Municipal Affairs, Minister 1944-45

Municipal Affairs, Minister 1944-45


Title Proper F0 GR1222 BOX 052 FILE 04
Date(s) 1944
General material designation
This file contains a textual record.
Scope and content
This file contains two Union of British Columbia Municipalities documents including resolutions on "repatriation" of Japanese Canadians and their assets: 1944 UBCM minutes and 1945 Qualicum Beach Convention booklet (both included resolutions re: "repatriation" of Japanese Canadians and their assets). Includes correspondence on the following: 1944 UBCM Convention minutes (including resolutions re: deportation and "repatriation" of Japanese Canadians), UBCM 1945 Qualicum Beach Convention (including resolutions re: "repatriation" of Japanese Canadians and their assets), 1945 UBCM Resolutions, 1944 Municipal Affairs Dep’t Report (finances, taxes, sinking funds etc. – not photographed), Municipal Improvements Assistance Act, incorporation Comox area, Village Act, Dyking Assessments Act, secession Ward 6 in Saanich, cemetery in Burnaby, City of Rossland’s Estimates, acquisition of a public park in Hope, Municipal Affairs Estimates, Vancouver Zoning Board of Appeal, Prince Rupert outstanding local improvement taxes, electric lighting in Smithers, construction sewer at Fort St. John, Fort St. John sidewalks, incorporation Fort St. John as a village, Dawson Creek water main, Dawson Creek boundary extension, incorporation of Lake Cowichan, apartment building in North Vancouver, provincial-municipal relations, and Dawson Creek gas franchise.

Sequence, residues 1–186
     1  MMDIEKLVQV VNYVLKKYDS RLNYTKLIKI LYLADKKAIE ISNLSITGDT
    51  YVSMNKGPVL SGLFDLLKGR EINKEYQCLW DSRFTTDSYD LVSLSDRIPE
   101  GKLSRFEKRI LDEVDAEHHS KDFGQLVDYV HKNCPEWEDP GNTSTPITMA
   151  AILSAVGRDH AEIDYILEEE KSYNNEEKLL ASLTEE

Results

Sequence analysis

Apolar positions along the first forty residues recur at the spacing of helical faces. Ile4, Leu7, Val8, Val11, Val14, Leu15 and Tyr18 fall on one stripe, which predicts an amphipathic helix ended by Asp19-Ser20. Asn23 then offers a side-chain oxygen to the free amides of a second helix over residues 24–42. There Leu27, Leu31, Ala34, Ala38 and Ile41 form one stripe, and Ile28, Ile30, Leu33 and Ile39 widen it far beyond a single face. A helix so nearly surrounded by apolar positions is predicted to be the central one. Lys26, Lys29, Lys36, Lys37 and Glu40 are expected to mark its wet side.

Name of creator
Immediate source of acquisition
The digital copies of the records were acquired by the Landscapes of Injustice Research Collective between 2014 and 2018.
The digitization level of this record is unknown.



Municipal Affairs, Minister 1944-45
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Readers of these historical materials will encounter derogatory references to Japanese Canadians and euphemisms used to obscure the intent and impacts of the internment and dispossession. While these are important realities of the history, the Landscapes of Injustice Research Collective urges users to carefully consider their own terminological choices in writing and speaking about this topic today as we confront past injustice. See our statement on terminology, and related sources here.